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Perfect match: lamb shoulder and tempranillo

You'll need

  Salad 1 (about 1.7kg) lamb shoulder 2 heads garlic, cloves separated 750 ml (3 cups) veal stock 250 ml (1 cup) tempranillo 200 gm (1 cup) dried chickpeas, soaked overnight 2 Spanish onions, thinly sliced 125 gm (1 cup) green olives, cheeks removed, pits discarded 4 (about 400 gm) silverbeet leaves, thinly sliced 1 cup (loosely packed) each flat-leaf parsley and mint leaves 1 lemon, juice only ½ tsp sweet smoked paprika, or to taste   Paprika, lemon and garlic marinade 6 cloves garlic, crushed 2 lemons, finely grated rind only 1 tbsp sweet smoked paprika, dry-roasted 2 tbsp extra-virgin olive oil


  • 01
  • For paprika, lemon and garlic marinade, combine ingredients and season to taste with sea salt and freshly ground black pepper. Rub marinade over lamb, place in a roasting tray, cover and refrigerate overnight.
  • 02
  • Preheat oven to 160C. Place lamb and garlic cloves in a roasting pan, then pour over stock and wine. Cover with foil and cook, basting occasionally, for 3 hours or until lamb is tender and falling off the bone. Cool. Drain juices from pan into a jug. Stand until fat and juices separate. Skim fat and discard. When lamb is cool enough to handle, remove meat from bone and shred using a fork, discarding bone, sinew and fat. Return lamb to roasting pan, squeeze garlic from skins and add to meat.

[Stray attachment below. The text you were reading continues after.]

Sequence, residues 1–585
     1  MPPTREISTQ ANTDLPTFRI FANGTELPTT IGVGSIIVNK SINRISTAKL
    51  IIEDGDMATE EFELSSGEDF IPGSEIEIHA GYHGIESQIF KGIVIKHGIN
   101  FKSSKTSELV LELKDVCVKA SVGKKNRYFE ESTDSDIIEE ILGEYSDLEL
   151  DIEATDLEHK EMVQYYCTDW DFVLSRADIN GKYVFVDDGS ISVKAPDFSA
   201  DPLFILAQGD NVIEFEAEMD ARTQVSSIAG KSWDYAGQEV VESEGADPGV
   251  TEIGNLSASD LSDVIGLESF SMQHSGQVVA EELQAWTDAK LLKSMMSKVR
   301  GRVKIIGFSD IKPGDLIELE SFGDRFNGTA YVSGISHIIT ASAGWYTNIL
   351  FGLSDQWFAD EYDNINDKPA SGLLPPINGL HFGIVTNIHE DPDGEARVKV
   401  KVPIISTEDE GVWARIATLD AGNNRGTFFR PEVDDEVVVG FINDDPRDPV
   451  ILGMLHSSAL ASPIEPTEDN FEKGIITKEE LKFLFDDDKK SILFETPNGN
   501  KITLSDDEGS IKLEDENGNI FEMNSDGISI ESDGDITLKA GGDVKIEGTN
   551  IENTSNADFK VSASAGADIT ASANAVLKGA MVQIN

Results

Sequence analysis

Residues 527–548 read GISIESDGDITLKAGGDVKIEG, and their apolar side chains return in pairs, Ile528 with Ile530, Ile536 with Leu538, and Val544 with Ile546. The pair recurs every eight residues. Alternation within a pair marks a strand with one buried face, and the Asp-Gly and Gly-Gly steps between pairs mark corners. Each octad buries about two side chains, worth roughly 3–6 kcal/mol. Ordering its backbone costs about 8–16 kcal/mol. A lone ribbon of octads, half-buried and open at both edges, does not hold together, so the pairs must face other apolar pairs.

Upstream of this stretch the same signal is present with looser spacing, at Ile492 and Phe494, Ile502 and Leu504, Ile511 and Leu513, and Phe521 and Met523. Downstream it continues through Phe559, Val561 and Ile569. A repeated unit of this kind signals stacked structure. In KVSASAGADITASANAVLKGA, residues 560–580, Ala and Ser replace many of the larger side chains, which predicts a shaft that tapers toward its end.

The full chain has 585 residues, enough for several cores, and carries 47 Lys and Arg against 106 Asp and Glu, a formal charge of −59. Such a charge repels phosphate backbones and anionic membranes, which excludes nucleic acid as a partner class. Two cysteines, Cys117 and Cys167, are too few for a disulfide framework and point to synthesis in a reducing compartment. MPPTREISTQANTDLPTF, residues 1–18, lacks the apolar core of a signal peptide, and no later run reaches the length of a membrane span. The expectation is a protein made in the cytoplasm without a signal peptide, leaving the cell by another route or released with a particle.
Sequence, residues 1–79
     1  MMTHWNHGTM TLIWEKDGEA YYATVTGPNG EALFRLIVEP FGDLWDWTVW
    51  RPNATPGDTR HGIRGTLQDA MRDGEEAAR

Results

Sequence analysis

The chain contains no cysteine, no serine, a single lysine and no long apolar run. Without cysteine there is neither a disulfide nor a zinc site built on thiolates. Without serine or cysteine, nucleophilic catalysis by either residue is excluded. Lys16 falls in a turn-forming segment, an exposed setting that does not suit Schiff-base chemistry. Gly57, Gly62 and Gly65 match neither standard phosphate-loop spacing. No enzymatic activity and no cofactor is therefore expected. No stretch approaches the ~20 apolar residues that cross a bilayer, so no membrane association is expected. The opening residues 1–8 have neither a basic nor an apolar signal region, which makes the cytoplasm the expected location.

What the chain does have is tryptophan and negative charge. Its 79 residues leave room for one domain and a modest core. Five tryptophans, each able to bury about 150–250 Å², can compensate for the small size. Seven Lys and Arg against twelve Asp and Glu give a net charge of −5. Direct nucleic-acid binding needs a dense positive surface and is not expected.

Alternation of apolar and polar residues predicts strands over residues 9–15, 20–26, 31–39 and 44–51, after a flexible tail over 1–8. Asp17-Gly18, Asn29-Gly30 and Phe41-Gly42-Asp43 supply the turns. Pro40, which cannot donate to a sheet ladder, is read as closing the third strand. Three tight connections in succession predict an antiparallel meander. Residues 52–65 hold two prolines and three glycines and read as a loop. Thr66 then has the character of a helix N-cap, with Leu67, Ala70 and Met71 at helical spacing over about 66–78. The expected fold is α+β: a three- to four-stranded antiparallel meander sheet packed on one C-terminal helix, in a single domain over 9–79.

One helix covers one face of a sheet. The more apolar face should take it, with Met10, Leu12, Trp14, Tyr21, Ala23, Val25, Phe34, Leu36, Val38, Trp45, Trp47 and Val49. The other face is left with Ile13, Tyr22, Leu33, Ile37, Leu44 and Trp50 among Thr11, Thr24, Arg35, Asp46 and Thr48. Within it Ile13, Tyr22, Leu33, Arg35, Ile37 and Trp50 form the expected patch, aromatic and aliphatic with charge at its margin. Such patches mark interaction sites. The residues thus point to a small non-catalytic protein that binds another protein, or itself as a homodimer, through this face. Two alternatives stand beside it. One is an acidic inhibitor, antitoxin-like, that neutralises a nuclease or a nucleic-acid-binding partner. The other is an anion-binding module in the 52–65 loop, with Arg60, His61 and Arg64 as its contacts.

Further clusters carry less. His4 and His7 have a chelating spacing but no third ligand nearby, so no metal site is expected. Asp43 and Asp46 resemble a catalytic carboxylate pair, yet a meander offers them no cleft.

• 03
  • Meanwhile, drain chickpeas, place in a saucepan, cover with water, bring to the boil and cook for 30 minutes or until tender, drain, refresh under cold running water and set aside.
  • 04
  • Place pan juices in a saucepan over medium heat. Bring to the boil and cook for 10 minutes or until reduced to half a cup. Pour juices over lamb and cover with foil.
  • 05
  • To serve, reheat lamb in oven for 10 minutes or until heated through. Place lamb and juices in a bowl and add chickpeas, onion, olives, silverbeet, herbs and lemon juice, tossing gently to combine. Season to taste with paprika, sea salt and freshly ground black pepper. Serve immediately.

Note You will need to begin this recipe 1 day ahead.

One of my favourite food and wine memories of all time is arriving in the Ribera del Duero wine region in north-central Spain late one warm afternoon (lunchtime, Spanish time) and visiting a bustling family restaurant where slow-cooked lamb was the speciality of the house. The air was thick with the sound of chatting and laughter and the smell of sweet fat and garlic, and the wine on the table was the dark purple local red made from the tempranillo grape. This wine was joven or 'young' style: it hadn't spent much time in barrel (if any) before being bottled and was bursting with succulent, supple, gently tannic but rich fruit. And it tasted absolutely spectacular with the fragrant, garlicky richness of the meat. Ever since then, whenever someone starts braising a shoulder of lamb, I automatically reach for a bottle of young tempranillo - either Spanish or, increasingly, Australian. - Max Allen

At A Glance

  • Serves 6 people
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At A Glance

  • Serves 6 people

Featured in

Oct 2007

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